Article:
All people are musical. Australians whether they recognise their own musicality or not share their life with music. Music marks many of the major events in our lives. It defines our childhood and our youth. A relationship with music is something that we share from our cradles to our graves.

In addition to this relationship with music, participation in active music making has been shown to assist in personal, social, creative and intellectual development. Arguably these benefits are evident across the population, though most research to date suggests the benefits associated with music participation are greatest in childhood through to adolescence.

Music is also economically significant though the industry is fragmented and not frequently viewed as a whole. Estimates suggest that music activity directly accounts for around $7 billion worth of economic activity and employs over 100,000 people. In GDP terms this makes music a statistically significant industry.

Music activity also indirectly supports other economic activity in areas such as tourism, recreation, health and fitness, religious observance and other cultural pursuits. In these instances music is not the primary source of the activity but represents some added value to the activity. A simple example is a night at the musical theatre. The direct economic activity is the $100 seat to say Billy Elliot or Wicked. The indirect impact is the $100 restaurant meal that was consumed before the show, the $50 after theatre drinks, the $25 car parking charges, or in some cases the $200 hotel room and the $500 flight to Sydney or Melbourne for some of the attendees.

Given the importance of music in these and other contexts what role and purpose should music have in Australian education?

This paper has been divided into the sections shown in the table of contents above. In reality they are not discrete areas of activity but at least to some extent dependent on each other. The divisions are simply for ease of access.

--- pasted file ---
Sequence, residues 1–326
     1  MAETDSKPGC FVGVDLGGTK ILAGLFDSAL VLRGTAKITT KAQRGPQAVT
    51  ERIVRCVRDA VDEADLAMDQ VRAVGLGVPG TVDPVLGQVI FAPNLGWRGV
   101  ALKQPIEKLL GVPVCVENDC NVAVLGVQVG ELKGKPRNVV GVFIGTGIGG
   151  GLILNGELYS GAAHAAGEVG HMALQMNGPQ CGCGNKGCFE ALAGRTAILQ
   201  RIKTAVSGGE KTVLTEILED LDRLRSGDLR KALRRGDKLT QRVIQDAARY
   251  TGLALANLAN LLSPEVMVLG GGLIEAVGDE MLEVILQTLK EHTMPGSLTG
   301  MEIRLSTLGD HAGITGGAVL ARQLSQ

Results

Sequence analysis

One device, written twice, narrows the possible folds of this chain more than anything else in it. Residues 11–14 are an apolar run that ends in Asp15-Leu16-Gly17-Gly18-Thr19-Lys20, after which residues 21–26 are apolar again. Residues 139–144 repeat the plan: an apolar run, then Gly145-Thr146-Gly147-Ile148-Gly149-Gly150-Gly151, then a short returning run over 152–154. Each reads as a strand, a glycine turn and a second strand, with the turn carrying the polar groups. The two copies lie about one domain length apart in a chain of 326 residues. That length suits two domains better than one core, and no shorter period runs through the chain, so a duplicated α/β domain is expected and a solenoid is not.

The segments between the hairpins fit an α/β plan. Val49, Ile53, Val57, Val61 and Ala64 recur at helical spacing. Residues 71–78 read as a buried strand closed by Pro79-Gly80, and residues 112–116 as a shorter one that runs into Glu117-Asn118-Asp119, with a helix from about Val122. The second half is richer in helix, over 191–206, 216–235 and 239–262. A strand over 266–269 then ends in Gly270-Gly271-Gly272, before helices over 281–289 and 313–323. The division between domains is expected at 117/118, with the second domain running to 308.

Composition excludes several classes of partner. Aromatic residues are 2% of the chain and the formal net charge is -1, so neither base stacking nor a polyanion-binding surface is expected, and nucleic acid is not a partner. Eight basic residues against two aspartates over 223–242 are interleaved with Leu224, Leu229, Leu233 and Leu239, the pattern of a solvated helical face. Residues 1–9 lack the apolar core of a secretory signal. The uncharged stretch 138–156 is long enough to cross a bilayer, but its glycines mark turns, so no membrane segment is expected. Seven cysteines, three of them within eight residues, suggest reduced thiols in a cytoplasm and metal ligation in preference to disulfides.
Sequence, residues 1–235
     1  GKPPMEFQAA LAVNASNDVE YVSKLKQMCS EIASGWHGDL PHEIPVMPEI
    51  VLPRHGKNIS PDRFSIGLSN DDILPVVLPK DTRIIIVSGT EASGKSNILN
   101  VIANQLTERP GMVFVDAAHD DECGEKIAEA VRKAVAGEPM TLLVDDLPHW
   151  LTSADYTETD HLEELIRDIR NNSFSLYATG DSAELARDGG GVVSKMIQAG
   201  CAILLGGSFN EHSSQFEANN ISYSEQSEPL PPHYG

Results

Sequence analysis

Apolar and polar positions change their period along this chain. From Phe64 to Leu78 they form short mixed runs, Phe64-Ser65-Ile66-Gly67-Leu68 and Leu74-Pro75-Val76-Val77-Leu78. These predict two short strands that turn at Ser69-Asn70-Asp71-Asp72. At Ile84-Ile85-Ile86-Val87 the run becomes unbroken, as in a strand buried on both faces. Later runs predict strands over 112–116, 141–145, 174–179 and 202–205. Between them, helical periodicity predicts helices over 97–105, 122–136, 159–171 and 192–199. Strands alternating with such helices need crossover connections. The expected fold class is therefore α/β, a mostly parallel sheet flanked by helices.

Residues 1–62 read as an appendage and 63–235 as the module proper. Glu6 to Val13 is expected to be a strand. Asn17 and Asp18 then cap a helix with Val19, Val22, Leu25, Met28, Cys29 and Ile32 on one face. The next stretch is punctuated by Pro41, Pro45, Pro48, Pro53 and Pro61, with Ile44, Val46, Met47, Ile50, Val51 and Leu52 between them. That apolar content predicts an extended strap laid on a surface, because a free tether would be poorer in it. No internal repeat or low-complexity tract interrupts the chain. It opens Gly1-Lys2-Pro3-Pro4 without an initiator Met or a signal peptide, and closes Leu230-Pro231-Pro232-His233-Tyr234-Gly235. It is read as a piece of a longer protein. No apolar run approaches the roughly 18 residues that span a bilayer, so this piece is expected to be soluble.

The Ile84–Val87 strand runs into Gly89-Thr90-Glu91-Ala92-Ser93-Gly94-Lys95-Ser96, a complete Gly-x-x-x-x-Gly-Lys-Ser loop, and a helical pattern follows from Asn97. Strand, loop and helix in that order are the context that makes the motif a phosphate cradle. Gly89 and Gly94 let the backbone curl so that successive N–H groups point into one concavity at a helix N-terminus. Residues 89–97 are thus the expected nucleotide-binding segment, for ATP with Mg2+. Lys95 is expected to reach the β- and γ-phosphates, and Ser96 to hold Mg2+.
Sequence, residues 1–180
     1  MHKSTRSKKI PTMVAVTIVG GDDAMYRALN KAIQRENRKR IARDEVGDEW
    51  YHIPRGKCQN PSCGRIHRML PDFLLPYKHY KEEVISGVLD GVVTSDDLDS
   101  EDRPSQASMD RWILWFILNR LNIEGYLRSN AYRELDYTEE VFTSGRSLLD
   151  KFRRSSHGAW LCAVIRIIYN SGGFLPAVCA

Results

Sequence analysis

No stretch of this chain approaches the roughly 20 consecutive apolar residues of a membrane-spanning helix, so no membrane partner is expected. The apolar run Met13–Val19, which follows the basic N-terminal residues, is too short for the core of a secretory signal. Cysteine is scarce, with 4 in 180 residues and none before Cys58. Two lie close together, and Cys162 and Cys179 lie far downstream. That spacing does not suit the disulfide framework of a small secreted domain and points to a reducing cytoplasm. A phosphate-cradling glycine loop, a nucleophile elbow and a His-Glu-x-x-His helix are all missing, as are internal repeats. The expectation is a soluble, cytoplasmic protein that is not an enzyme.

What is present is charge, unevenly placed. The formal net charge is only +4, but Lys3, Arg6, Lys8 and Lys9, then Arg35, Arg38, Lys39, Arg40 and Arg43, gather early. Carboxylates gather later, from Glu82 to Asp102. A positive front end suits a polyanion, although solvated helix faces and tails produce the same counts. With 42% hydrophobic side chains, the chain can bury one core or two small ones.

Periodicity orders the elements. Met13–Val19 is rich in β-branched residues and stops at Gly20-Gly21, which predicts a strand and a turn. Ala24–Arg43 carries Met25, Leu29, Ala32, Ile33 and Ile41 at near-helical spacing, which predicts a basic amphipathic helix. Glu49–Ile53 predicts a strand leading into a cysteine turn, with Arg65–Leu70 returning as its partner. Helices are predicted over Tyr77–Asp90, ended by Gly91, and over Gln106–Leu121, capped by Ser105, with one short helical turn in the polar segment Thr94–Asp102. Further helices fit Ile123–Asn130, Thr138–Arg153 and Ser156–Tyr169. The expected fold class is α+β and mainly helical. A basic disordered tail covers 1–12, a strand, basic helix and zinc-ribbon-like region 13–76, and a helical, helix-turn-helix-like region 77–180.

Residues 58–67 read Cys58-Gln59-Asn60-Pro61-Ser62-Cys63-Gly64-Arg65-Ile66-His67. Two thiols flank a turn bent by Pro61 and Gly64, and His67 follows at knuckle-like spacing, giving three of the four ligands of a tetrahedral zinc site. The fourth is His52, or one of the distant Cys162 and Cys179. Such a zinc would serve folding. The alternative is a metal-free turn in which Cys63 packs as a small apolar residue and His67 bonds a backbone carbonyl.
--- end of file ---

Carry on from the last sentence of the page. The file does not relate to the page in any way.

The challenge for us in coming to the MCA summit is to account for the varying needs of the community with respect to their relationship with music and how that relationship can be enhanced through education.

It won’t be the same education for the occasional audience member as it is for the committed concert goer. Nor will it be the same education for the teacher or the professional musician. Or will it?

The word crisis is used in reference to several of these sectors. We can probably find references to crises in every one of them if we had looked a little harder.

If we are genuinely confronted by a series of crises in music education then we need to work out ways of overcoming them. Whether that is “back to the future” or “doing something different because we know the outcomes of continuing to do what we have always done”.

Primary Music Education

We have the benefit of the 2005 National Review of School Music Education (NRSME1) to provide an overview of the situation in both primary and secondary schools across Australia.

In brief the Review showed that:

  • The status afforded music education is low – despite quite wide recognition or awareness that music learning brings with it broader educational benefits and outcomes.
  • Provision of music education was particularly weak in primary schools
  • There is a significant differential between the levels of provision in the State and Catholic system compared to that of the independent school system. (Data extrapolated from the 2001 Stevens report 2 (an MCA initiative) and referred to in the NRSME suggested that as few as 23% of state system school students could access a meaningful music education whereas 88% of independent school students had the benefit of meaningful and ongoing music learning). These figures are now frequently quoted by Government.
  • Music education is in most jurisdictions not mandatory and bundled as one of 5 or 6 arts subjects depending on the jurisdiction.
  • There are few trained specialist music teachers in the State and Catholic primary systems. Music education, as a result, is most often delivered by generalist teachers, few of which have the skills and more importantly the confidence to deliver effective music programs.
  • As a result even in many schools where music is available it is ad hoc, or based around a music/arts experience such as Join the Chorus or the Schools Spectacular rather than being a continuous, sequential and developmental program.
  • Where music is successful in a school (and there are many where that is so) it is highly reliant on the school leadership, either by the principal or school council. In many cases examples of best practice come from schools that have had a supportive leadership for music over many years. In short music has become part of that school’s tradition.
  • There are a number of major barriers to establishing a music program. These are:
    • The availability of suitably qualified and experienced teachers.